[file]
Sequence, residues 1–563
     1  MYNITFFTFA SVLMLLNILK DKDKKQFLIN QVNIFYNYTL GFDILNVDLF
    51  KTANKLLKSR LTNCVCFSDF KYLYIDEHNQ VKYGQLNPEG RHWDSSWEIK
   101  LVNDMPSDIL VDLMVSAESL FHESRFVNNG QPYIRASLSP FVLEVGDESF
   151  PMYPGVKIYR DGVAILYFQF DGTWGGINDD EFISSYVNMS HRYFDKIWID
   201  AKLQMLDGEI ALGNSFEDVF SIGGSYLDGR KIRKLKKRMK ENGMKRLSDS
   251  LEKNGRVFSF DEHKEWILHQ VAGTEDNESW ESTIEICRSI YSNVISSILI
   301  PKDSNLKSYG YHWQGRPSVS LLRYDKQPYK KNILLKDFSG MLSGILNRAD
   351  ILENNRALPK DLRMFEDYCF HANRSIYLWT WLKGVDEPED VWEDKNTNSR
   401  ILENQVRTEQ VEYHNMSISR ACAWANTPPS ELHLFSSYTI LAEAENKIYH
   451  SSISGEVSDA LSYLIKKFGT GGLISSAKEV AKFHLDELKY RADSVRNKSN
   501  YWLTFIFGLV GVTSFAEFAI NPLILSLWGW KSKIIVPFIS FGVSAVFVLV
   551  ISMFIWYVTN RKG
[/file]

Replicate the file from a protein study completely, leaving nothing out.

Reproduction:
Sequence, residues 1–563
     1  MYNITFFTFA SVLMLLNILK DKDKKQFLIN QVNIFYNYTL GFDILNVDLF
    51  KTANKLLKSR LTNCVCFSDF KYLYIDEHNQ VKYGQLNPEG RHWDSSWEIK
   101  LVNDMPSDIL VDLMVSAESL FHESRFVNNG QPYIRASLSP FVLEVGDESF
   151  PMYPGVKIYR DGVAILYFQF DGTWGGINDD EFISSYVNMS HRYFDKIWID
   201  AKLQMLDGEI ALGNSFEDVF SIGGSYLDGR KIRKLKKRMK ENGMKRLSDS
   251  LEKNGRVFSF DEHKEWILHQ VAGTEDNESW ESTIEICRSI YSNVISSILI
   301  PKDSNLKSYG YHWQGRPSVS LLRYDKQPYK KNILLKDFSG MLSGILNRAD
   351  ILENNRALPK DLRMFEDYCF HANRSIYLWT WLKGVDEPED VWEDKNTNSR
   401  ILENQVRTEQ VEYHNMSISR ACAWANTPPS ELHLFSSYTI LAEAENKIYH
   451  SSISGEVSDA LSYLIKKFGT GGLISSAKEV AKFHLDELKY RADSVRNKSN
   501  YWLTFIFGLV GVTSFAEFAI NPLILSLWGW KSKIIVPFIS FGVSAVFVLV
   551  ISMFIWYVTN RKG